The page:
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Research Seminars: Graduate Student Colloquium


Past Graduate Student Colloquium:

Fall 2018

Time & Location: All talks are on Tuesdays in Stanley Thomas 316 at 4:30 PM unless otherwise noted.
Organizer: Alexej Gossmann


September 18

Unknotting the knotty notion of knots (and their finite type invariants)

Robyn Brookstulane University

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September 25

The Fisher-KPP equation and traveling waves in biology

SDana FerrantirTulane University

Abstract:

Dana





October 2

The Mathematics of Music

Nathan BedellTulane University

Abstract:

In this talk, I'll explain some of mathematical aspects of music theory. In particular, we will focus on the questions: "Why do we use the 12 notes per octave that we see today on a modern piano keyboard, and not some other collection?" and "Why does most of that music limit itself to certain 5 note (pentatonic) and 7 note (diatonic) subsets of that collection?" respectively. 


Our story starts with the history of tuning in the west -- from Pythagorean and meantone temperaments -- including the extended meantone tunings of the Renaissance era, to our modern system of 12 tone equal temperament, some of the various non-western systems of tuning, and finally, to the experimental temperaments that musicians in the "xenharmonic" community have used in recent years to expand the possibilities of our sonic pallet -- all of which will be illustrated with musical examples.




October 9

Extensions of set partitions

Diego VillamizarTulane University

Abstract:

 

In this talk we will show arithmetical and combinatorial properties of set partitions that have restrictions in the size of their blocks. This was a joint work with Jhon Caicedo, Victor Moll and Jose Ramirez.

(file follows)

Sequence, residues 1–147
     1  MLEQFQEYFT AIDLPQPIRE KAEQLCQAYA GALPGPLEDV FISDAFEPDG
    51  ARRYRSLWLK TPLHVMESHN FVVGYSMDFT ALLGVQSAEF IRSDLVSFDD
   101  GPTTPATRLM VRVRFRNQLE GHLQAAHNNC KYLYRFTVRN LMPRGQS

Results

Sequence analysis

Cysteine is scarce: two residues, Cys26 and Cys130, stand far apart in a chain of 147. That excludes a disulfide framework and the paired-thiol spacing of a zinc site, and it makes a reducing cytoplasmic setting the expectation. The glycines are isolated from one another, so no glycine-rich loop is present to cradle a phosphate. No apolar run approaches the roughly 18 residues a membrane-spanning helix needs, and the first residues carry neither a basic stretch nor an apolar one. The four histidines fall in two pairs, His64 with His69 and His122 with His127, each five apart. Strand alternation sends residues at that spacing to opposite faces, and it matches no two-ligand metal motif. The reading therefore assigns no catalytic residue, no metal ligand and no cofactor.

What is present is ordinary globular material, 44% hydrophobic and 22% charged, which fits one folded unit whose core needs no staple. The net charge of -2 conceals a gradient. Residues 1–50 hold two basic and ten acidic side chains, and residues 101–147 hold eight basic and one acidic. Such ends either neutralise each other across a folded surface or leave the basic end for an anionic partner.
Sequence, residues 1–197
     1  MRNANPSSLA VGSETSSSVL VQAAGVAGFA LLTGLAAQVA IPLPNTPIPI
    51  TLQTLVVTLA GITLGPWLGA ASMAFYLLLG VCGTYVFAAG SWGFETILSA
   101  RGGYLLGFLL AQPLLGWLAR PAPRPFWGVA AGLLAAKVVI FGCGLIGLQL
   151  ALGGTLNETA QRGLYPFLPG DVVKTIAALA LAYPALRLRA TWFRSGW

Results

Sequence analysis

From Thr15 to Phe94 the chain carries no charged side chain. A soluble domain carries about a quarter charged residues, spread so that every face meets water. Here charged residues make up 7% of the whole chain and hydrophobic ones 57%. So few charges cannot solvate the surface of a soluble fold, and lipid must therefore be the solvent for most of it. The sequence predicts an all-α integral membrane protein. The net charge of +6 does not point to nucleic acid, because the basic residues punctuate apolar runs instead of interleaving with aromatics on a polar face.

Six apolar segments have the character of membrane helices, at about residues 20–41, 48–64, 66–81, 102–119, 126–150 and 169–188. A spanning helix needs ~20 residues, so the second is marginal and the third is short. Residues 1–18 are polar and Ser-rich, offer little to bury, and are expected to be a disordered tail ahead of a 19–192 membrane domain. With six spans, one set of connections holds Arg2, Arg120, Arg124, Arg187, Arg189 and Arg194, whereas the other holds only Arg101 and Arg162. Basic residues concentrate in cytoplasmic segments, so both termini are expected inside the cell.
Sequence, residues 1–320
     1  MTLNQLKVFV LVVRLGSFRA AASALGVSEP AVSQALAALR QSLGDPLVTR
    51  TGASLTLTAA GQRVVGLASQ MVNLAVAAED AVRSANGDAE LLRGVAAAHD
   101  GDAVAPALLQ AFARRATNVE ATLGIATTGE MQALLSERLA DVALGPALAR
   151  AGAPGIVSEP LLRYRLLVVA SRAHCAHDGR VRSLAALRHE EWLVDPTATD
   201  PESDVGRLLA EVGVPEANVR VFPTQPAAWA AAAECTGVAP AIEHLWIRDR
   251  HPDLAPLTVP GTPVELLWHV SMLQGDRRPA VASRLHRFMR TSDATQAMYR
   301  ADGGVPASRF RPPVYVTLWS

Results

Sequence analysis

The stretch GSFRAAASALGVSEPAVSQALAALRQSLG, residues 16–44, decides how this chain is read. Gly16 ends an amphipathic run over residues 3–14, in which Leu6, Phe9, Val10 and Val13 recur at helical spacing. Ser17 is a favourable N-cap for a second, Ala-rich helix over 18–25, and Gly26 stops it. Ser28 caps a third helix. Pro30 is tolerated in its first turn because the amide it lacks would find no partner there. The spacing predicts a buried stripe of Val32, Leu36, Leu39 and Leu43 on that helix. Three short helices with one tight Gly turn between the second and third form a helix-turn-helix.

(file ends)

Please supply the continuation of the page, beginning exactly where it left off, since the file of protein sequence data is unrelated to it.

October 16

Fractional Brownian Motion: Extensions & Estimation in 1-d, n-d and Beyond

Cooper BonieceTulane University

Abstract:

 

Fractional Brownian motion (fBm), whose origins date back to Kolmogorov, is one of the most celebrated models of scale invariance, and has been used in a wide variety of modeling contexts ranging from hydrology to economics.  In this talk, I will discuss some background related to scale invariance and fBm, introduce two extensions of fBm: tempered fractional Brownian motion (tfBm), and operator fractional Brownian motion (ofBm), and discuss some recent work related to wavelet-based estimation of tfBm (joint work with G. Didier, F. Sabzikar), as well as some preliminary results regarding estimation ofBm in a high-dimensional setting.






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Mathematics Department, 424 Gibson Hall, New Orleans, LA 70118 504-865-5727 math@math.tulane.edu